HC Deb 29 July 1966 vol 732 cc2067-8

The following Motion stood upon the Order Paper:

That, notwithstanding the provisions of Standing Order No. 66 (Meetings of standing committees), Standing Committee B shall have power, during the consideration of the Prices and Incomes Bill, to sit on any day (whether or not the House shall be sitting on that day); that, in addition to any meetings already appointed, the Standing Committee shall meet on Thursday 4th August at Four of the clock in the afternoon, and that thereafter:—

  1. (a) those provisions of Standing Order No. 66(1) which forbid the Committee to sit between the hours of One of the clock and half-past Three of the clock in the afternoon, and the whole of the provisions of Standing Order No. 66(2) shall not apply to the proceedings of the Committee, and
  2. (b) no dilatory motion with respect to or in the course of Proceedings on the Bill shall be made except by a Member of the Government and the Question on any such motion shall be put forthwith.

11.10 a.m.

Mr. Speaker

Mr. Bowden.

The Lord President of the Council and Leader of the House of Commons (Mr. Herbert Bowden)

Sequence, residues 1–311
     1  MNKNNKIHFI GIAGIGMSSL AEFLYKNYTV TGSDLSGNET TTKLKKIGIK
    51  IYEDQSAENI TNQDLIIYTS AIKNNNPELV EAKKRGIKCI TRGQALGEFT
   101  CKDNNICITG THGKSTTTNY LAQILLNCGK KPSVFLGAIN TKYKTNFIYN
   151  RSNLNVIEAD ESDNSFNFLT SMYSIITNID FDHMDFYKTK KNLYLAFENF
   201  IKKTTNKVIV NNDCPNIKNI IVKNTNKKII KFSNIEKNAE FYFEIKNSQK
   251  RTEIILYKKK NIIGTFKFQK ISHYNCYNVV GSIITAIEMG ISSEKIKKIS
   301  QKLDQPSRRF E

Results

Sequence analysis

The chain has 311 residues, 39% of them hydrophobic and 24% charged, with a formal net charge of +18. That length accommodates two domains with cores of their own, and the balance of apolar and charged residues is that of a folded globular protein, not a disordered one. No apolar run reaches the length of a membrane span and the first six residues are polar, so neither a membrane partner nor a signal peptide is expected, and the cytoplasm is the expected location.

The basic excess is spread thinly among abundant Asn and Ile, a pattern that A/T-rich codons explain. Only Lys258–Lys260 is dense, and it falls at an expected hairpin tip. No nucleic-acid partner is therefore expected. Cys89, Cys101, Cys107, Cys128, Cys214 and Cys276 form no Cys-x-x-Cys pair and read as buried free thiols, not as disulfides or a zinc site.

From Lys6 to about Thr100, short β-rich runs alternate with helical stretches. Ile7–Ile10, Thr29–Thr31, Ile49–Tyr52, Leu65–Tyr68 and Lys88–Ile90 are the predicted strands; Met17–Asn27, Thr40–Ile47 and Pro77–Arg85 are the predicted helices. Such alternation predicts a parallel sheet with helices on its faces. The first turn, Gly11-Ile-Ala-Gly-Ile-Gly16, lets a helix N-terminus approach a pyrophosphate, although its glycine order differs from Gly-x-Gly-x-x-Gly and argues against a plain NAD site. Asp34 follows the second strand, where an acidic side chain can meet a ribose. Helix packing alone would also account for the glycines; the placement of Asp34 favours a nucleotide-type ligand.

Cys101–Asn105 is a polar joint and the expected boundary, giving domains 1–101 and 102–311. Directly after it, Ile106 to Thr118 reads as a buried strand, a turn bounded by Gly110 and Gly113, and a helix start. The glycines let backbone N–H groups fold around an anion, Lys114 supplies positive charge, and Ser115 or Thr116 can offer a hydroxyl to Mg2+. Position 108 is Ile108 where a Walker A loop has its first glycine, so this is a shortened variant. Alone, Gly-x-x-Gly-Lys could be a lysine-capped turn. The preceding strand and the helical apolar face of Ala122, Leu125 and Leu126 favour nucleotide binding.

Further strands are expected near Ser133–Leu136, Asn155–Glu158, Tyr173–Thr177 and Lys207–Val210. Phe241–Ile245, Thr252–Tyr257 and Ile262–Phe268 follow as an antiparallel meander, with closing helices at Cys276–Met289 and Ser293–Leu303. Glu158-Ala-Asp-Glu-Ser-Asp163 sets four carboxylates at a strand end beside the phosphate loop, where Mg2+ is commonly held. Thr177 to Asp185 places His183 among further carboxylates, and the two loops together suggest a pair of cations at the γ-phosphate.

Not moved, Sir.

Mr. Edward Heath (Bexley)

On a point of order, Mr. Speaker. As this procedural Motion is not being moved, would it not be in order for the Leader of the House to explain how the Motion came to he placed on the Order Paper at a very late hour last night, without any mention of it in the Business statement or Questions yesterday, nor as a result of any discussion through the usual channels, which he has just mentioned as the almost inevitable practice? What is the Government's intention about this extraordinary Motion?

Mr. Bowden

It is not usual to mention the discussions which take place through the usual channels, as I reminded the right hon. Gentleman yesterday. I think that it is very unwise to do so.

Had this Motion been moved and approved, it would have enabled Standing Committee B to continue to sit at one o'clock on Friday of next week. Under the existing arrangement and a decision of the Standing Committee it can sit up till one o'clock. If it were the wish of the Standing Committee, and necessary, it could, under this Motion, have sat after one o'clock. I am, none the less, not moving it.

Mr. Peter Kirk (Saffron Walden)

Is it not also a fact that paragraph (b)of the Motion removes one of the vital rights which the Opposition possess?

Mr. Speaker

Order. We cannot discuss the merits of a Motion which has not been moved.

Mr. Heath

Further to that point of order. The right hon. Gentleman said that he was not moving the Motion. Do I understand that this is the final decision—that there will be no moving of this Motion?

Mr. Bowden

I think that we had better wait and discuss this, as we discuss all business, through the usual channels.

Mr. John Boyd-Carpenter (Kingston-upon-Thames)

Does that mean that the Motion is to remain on the Order Paper, or to be withdrawn?

Mr. Bowden

It is to be withdrawn.

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